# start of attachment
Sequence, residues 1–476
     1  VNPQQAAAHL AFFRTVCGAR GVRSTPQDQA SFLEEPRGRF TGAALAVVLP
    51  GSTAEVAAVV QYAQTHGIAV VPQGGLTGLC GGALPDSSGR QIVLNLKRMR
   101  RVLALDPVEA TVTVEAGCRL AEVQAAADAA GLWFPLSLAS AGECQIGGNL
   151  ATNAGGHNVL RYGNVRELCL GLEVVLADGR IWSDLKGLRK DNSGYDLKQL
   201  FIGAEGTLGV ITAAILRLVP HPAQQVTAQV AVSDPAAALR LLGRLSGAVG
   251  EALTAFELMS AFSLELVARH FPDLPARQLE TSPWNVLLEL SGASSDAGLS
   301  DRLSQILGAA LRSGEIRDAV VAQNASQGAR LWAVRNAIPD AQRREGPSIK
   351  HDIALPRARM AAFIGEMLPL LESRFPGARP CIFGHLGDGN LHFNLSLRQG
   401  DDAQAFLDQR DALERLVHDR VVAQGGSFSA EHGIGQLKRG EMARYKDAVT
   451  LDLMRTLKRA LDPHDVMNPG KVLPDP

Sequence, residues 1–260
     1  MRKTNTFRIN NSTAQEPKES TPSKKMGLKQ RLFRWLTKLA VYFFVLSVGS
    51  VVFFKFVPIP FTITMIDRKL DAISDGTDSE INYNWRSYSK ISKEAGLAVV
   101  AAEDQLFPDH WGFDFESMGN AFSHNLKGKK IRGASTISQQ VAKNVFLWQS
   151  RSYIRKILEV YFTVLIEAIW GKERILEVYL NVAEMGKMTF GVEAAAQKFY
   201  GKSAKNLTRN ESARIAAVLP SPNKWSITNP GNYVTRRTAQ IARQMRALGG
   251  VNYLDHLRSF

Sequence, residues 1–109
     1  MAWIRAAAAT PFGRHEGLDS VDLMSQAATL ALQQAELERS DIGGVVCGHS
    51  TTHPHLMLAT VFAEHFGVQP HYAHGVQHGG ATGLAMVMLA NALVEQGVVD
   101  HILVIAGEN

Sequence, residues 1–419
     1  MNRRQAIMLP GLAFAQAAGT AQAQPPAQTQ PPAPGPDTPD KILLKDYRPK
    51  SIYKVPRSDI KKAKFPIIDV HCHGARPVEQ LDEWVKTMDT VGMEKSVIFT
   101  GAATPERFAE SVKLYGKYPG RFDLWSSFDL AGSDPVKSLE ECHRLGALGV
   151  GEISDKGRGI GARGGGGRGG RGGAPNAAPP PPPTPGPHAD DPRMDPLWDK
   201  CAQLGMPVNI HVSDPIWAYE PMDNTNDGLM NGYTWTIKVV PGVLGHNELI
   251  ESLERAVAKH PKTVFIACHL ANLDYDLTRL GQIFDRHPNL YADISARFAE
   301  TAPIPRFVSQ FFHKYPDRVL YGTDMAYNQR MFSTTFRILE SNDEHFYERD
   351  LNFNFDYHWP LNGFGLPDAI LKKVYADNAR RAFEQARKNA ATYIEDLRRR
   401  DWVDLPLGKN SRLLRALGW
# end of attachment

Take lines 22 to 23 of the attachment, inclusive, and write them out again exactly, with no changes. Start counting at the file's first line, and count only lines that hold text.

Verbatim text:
   101  HILVIAGEN

Sequence, residues 1–419